The West Hollywood City Council voted Tuesday to have a consultant conduct an economic impact study to see how the city’s fur ban will affect fur retailers.
The council placed the action on its consent calendar; therefore, it passed 5-0. Keyser-Marston will conduct the study — by surveying fur retailers within city limits — for $25,000, which will be pulled from the city’s general fund reserves.
“If it appears that a significant number of our retailers will be adversely impacted or a particular product … would [suffer] a significant impact, then we have the ability to make modifications or changes,” Mayor John Duran said.
The council approved the fur ordinance, which bans the sale of fur within city limits, on first-read in September, with the final approval of an amended ordinance occurring in November. Some business owners and organizations had been very outspoken about the ban, saying it would negatively affect the city’s fashion district in a poor economy.
With an implementation date of September 2013, however, the council has an opportunity to refine the ordinance. Duran said the council would need three votes to amend it further.
He said the city expects the economic impact study to be finalized this summer. If it shows that the ban will significantly harm a business or its products, the council can hold a hearing to debate any alterations, Duran said.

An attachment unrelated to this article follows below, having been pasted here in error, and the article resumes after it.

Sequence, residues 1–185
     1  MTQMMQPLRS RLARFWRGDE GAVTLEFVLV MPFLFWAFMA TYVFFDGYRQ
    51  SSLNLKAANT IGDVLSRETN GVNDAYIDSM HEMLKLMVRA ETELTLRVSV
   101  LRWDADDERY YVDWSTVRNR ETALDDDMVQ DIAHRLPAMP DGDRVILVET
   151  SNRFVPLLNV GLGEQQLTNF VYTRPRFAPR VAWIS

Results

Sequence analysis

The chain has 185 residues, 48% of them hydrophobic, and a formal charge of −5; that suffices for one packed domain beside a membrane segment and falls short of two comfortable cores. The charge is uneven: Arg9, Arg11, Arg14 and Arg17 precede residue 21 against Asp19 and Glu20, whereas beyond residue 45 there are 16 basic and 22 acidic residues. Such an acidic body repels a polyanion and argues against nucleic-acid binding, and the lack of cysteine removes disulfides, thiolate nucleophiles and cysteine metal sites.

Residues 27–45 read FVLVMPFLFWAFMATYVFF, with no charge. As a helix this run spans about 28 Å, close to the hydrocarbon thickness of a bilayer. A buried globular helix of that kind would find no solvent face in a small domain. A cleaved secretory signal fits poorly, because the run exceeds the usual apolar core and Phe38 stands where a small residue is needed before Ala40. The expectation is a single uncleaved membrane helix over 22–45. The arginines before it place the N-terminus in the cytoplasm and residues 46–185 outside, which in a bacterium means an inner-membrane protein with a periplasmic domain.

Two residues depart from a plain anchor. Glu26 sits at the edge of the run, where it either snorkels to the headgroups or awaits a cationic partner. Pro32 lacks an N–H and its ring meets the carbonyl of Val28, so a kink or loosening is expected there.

Otherwise, “there wouldn’t be a need for a hearing,” he said.
Duran requested that retailers accommodate for the survey by sharing data and helping the city make an analysis.
“Of course, it’s to their benefit to open their books to collect that information,” he added.
As it stands now, the ban includes an exemption for used clothing that is sold by private entities, non-profit organizations and resale shops. It defines “fur apparel” as any kind of clothing with fur attached.
While Duran said feedback from the city’s approval of the fur ban has died down in recent months, one out-of-state individual has sent the city a letter of an intent to sue.
“He’s not, as far as we know, attached to the fur industry,” Duran said, adding that the individual would need to show that he had been affected by the ban in order to sue. “We don’t know who this person is, so we don’t know if he has standing or not.”
When the study is completed, the council will present the findings to both proponents and opponents, the mayor said.
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